Afro House – Gqom

Gqom  is a genre of electronic dance music that emerged in the early 2010s from Durban, South Africa.[1] It developed out of South African house music, kwaito and Techno.[2] Unlike other South African electronic music, gqom is typified by minimal, raw and repetitive sound with heavy bass beats but without the four-on-the-floor rhythm pattern.[1]

Gqom Oh! is the kind of bolt from the blue that doesn’t come along every day. Check Dominowe’s ‘Africa’s Cry’, a stripped cyborg rattle of deep bass kicks, pots-and-pans percussion and a creeping synth, forming menacingly across chemically-altered skies. Or the martial drums and bleeping top-line of the bumping ‘Sgubhu 6 (Gqom Edit)’ by Forgotten Souls. Gqom is DIY, a low-budget street sound at odds with the smooth, clean production of the populist kwaito house. The bass is derived from the subby kick drums and the tracks are sparse, built from few components; there’s little in the way of melody to be found.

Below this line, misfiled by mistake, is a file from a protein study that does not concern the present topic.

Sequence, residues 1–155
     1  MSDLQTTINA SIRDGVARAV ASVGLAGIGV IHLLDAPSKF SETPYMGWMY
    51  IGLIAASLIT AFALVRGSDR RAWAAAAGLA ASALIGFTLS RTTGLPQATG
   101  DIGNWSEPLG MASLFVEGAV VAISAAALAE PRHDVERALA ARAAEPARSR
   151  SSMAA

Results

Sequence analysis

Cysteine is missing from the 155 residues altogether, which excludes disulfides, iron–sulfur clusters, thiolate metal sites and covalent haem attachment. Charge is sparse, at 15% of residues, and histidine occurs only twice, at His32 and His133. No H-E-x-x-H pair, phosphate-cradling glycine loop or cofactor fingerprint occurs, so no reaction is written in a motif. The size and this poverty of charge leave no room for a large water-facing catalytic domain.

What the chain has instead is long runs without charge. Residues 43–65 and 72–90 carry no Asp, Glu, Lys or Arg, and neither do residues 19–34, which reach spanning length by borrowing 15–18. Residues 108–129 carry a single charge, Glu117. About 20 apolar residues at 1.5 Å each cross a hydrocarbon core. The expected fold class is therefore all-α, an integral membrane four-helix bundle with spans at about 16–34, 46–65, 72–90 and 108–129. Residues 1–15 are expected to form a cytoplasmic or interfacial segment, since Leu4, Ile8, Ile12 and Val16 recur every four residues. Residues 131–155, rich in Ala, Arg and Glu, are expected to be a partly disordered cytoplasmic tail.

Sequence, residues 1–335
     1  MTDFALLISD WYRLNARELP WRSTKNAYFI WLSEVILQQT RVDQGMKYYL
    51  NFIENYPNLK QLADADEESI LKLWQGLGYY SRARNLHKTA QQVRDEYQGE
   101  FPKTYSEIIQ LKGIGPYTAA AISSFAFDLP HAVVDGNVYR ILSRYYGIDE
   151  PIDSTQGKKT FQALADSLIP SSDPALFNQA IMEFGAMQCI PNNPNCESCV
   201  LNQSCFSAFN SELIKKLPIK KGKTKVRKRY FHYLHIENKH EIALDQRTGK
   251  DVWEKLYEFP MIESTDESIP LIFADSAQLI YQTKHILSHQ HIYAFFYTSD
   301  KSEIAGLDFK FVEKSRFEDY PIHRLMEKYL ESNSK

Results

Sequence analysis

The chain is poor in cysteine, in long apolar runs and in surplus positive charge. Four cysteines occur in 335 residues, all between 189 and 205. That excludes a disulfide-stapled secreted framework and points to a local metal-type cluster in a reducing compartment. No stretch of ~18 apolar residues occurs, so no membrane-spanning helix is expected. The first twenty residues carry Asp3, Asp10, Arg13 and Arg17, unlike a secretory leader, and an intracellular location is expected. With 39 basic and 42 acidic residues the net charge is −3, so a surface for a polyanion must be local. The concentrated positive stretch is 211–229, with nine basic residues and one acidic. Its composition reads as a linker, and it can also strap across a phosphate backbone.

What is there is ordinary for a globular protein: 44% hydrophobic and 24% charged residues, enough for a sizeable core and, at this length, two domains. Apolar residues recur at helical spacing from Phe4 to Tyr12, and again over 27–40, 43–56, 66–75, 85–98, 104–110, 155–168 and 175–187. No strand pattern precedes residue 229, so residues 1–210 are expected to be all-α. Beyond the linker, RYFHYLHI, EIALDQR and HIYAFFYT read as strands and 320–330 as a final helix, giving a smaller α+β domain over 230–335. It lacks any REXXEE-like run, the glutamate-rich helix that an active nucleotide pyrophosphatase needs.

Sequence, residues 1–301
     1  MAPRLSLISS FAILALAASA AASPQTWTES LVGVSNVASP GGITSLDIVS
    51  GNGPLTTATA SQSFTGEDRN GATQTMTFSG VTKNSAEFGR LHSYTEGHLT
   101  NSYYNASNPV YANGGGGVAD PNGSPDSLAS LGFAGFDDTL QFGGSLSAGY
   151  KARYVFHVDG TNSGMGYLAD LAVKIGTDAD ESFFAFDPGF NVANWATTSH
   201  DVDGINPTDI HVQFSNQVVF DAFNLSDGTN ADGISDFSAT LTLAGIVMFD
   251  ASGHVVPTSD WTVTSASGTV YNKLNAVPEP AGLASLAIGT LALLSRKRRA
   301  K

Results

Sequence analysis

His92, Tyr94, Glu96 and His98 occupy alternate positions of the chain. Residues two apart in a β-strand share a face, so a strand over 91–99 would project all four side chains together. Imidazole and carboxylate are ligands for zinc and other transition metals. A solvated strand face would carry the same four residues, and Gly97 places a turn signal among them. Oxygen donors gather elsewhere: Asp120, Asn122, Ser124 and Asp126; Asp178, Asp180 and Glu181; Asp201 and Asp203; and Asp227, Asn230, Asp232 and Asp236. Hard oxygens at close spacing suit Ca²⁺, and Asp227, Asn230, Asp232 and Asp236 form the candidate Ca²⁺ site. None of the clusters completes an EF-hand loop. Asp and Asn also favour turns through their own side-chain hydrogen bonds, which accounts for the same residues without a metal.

The word gqom – sometimes expressed as qgom, igqom, gqomu or variants thereof – derives from an onomatopoeic combination of click consonants in isiZulu and isiXhosa meaning a hitting drum

Music connoisseurs who embraced the new sound included the likes of South African rapper Okmalumkoolkat, Italian record label Gqom Oh owner, Malumz Kole,[9] Afrotainment record label owner DJ Tira, as well as Babes wodumo with the music taste-maker and personal public relations liaison, Cherish LaLa Mankai.[9] Related artists are DJ Lag, DJ Bongz, Lord The Dj, MasterT, Dj Noffoh, Dj Nkaa, Rudeboyz, Distruction Boyz & AudioBoyz.[10]